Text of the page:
Will With Pins
- 11th December 2018
Our collection of over 1000 boxes of Wills, Inventories, letters of Administration and other papers relating to probates granted in the Consistory Court of the Bishop of Worcester and the Worcester Probate Registry provide a fascinating insight into the lives of Worcestershire residents.
Dating from 1493 to 1857, the collection was deposited at the Worcester Record Office in 1958, but not before some of the items had suffered from prolonged poor storage. Many of the documents have suffered from water staining and creasing, and many have evidence of insect and/or rodent damage. This leaves the documents susceptible to further damage when handling and makes them difficult to read. Attempts to remove creases during use by researchers may result in further loss and damage to the documents and prolonged damp damage has left many items in a powdery/flakey condition, likely to fall apart no matter how carefully they are handled.
Some conservation work has previously been carried out on the earlier items dating from 1493-1611, but not since 1998 at the latest, leaving at least 116 boxes marked as ‘Fragile’ dating from 1611 to 1676 and as such, unable to be consulted by researchers.
Thanks to the generosity of a private donor and the Friends of Worcestershire Archives, a pilot project to conserve 10 boxes is being carried out in order to assess time and cost implications for extending the project to the entire collection. In addition, three boxes have been digitised to identify any issues that may arise in a larger project.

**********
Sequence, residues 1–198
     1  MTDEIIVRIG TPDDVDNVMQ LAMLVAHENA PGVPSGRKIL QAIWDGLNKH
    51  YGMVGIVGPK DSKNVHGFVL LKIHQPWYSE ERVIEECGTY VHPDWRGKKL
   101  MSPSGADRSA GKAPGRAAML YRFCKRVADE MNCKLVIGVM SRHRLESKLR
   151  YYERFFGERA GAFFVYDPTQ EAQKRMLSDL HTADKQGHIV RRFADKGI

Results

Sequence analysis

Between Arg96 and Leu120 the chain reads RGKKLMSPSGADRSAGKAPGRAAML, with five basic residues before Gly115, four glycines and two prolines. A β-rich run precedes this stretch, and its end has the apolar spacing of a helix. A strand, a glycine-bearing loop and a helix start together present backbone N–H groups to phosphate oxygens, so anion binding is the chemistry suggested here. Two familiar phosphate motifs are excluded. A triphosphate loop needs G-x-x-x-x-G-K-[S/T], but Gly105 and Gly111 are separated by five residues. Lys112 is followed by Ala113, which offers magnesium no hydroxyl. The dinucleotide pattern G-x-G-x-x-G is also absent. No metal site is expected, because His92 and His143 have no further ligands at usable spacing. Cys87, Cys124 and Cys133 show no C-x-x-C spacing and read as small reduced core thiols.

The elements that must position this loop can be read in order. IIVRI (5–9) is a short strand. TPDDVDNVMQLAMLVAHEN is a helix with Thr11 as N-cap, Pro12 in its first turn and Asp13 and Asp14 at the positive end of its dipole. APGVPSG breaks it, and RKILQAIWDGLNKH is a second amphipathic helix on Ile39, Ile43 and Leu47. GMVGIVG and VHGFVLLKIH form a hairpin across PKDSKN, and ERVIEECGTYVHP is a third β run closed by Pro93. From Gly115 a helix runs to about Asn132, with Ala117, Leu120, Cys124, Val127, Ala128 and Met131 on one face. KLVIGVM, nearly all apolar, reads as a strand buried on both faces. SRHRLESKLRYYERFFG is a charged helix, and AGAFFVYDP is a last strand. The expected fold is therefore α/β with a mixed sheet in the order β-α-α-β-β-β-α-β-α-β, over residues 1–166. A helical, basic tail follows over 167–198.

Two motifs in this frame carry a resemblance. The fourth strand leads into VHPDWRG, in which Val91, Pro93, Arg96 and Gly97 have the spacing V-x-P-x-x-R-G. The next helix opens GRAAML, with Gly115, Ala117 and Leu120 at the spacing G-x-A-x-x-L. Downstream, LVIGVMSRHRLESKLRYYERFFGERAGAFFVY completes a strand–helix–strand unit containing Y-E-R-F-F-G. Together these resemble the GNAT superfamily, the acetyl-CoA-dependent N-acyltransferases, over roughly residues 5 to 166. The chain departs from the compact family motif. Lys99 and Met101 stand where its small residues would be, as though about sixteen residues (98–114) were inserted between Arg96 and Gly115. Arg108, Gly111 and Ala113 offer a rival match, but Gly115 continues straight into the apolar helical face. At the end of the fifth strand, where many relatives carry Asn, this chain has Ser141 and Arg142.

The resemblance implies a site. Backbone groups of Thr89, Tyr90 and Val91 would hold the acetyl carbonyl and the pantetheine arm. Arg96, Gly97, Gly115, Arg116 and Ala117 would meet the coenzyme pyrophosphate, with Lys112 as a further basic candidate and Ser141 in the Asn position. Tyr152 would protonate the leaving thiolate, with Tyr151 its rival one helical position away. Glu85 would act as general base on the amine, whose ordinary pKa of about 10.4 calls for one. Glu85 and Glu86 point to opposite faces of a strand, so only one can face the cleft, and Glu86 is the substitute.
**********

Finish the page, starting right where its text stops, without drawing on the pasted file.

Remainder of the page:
To date, I have cleaned and repaired 5 boxes following on directly from the point where previous conservation work had concluded and have so far treated more than 650 documents. Digitisation has been carried out on three boxes dating from 1565, 1682 and 1735 and has generated 770 archival-quality images.
I recently came across an interesting parchment document dating from 1612. The main parchment ‘sheet’ had a hole in it, which is not uncommon for parchment – often a skin had a scar or small tear in it but would still be used to produce a sheet of parchment. Text would be written around the hole, indicating that the hole was present when the document was prepared. In the document I recently found, a small extra piece of parchment had been pinned behind the hole, allowing the text to continue in lines as if the hole was not there.
Although we will never know for sure, I suspect this additional piece was written at the same time as the main document, as the text is written to match the shape of the hole in the main sheet. Why the scribe chose to add a ‘patch’ rather than just ignoring the hole as other scribes usually did may remain a mystery but it does add even more interest to the collection. And in case you’re wondering, this time around I will keep the pins that were used to attach the patch!
Work is continuing on the initial 10 box pilot project and in addition a funding bid is being prepared with the aim of extending Conservation work to ensure the entire collection becomes accessible for many years to come.
Rhonda Niven, Conservator. If you would like to discuss using our Conservation Service you can get in touch via our website.